Every Wednesday, newspapers across the country publish my favorite section–the food section. Referred to differently in different papers, The New York Times Dining & Wine section to read and is also my homepage on my MacBook. With the easy access to the Internet and the accessibility of publishing during different times of the day, the website is constantly updated with pieces that may not appear in the Wednesday version of the paper. Today there was a story about the 'return' of growlers. 

Like I said on my last post, while enjoying some pizza at Il Vicino I decided to bring home a growler of the Slow Down Brown. When I told him that I was going to buy one, he told me that he had no idea what a growler was. To my dismay, there are a healthy handful of people who don't know what they are. The NY Times story "The New Old Way to Tote Your Beer" goes into some detail of the history of the 64 oz. jugs and provides reasons for their 'return'. I say 'return' because though I am merely 24 years old, I have been purchasing or participating in the purchasing of growlers for close to five years. 

While I was attending New Mexico State University, my ex-boyfriend and I would buy growlers for us to split or to bring to a friends house to share. Being a fairly small town, Las Cruces only had one brewery, High Desert Brewery. They had some delicious beers on tap. Of course, given the season they had a ever-changing list of brews on tap. One of my favorites was their Wheat beer or their ESB–the Extra Special Bitter. Lip-smackingly tasty. 

Here in Albuquerque, as far as I know, there are at least five breweries. Il Vicino is one of my new favorites (with refills costing $10), Turtle Mountain, being the first to introduce me to the growler when my pa would bring them home, Chama River (has some really good eats too), their sister company Marble Brewing and Kelly's, which is conveniently located just next door to my place of employment. Note to self: pick up a growler after work tomorrow night. 

Some breweries will even fill up other companies growlers, at least so I've heard. I have yet to test this myth. My pa has a growler from Turtle Mountain from 1999 so I am a little scared to bring it in–they may trade it out. I want the classic bottle for display.  I also have a Soccorro Springs growler from the brewery in Soccorro. We would stop in on the way north or south from Cruces. And now I have my Il Vicino Growler, which I plan on filling up fairly often. I think I may try and do that tonight actually. I took the Beer Brewing and Society course at State and loved it. I love trying new beers and believe I'm pretty able to tell them apart... Perhaps at least. Also I want to try brewing some brews sometime. Its an expensive hobby, but then again, I think it can pay for itself in the end. I may have to leave that for another post.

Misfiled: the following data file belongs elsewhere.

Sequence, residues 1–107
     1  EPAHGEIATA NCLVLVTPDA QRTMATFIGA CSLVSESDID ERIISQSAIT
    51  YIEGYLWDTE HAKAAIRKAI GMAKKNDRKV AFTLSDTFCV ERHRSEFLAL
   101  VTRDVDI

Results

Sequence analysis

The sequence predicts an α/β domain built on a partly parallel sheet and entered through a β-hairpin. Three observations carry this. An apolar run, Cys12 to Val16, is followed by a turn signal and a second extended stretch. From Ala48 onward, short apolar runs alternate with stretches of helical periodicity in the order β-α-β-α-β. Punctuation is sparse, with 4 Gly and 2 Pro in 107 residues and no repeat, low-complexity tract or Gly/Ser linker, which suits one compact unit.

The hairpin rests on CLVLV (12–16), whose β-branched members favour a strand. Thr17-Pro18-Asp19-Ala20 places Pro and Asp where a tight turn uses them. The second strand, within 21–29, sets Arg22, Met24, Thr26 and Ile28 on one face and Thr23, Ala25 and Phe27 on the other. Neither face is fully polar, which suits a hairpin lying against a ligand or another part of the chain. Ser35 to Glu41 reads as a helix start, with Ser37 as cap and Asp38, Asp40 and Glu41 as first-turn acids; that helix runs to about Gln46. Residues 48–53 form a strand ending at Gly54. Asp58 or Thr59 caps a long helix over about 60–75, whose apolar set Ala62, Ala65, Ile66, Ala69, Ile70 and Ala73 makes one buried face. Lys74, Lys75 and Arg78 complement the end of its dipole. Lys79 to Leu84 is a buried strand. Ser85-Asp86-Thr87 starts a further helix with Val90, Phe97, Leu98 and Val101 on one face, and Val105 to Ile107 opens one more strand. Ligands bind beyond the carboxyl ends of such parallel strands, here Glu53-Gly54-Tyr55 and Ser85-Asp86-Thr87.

Tuesday, January 26, 2010

Pizza Night

For some strange reason I have had this crazy craving for pizza. I've been thinking about before my breaks at work and I've been seeing it on the boob tube too. I even went to the Il Vicino the other day with my friend and still had the craving. Or at least until tonight. I think I have been satiated—at least for the moment. 

One day, I was talking about pizza at work with the sushi chefs and one of them had suggested Il Vicino or Saggio's so I was thinking about stopping in when I had a chance. I never made it on my break but I finally had a
 single shift and was able to enjoy my evening not working. A friend and I went to Il Vicino on in the heights which was sort of in an unfortunate location. Or at least it appeared to be at first glance, obviously people knew they were there so they get business and they have a few locations in Albuquerque so they aren't lacking the clientele.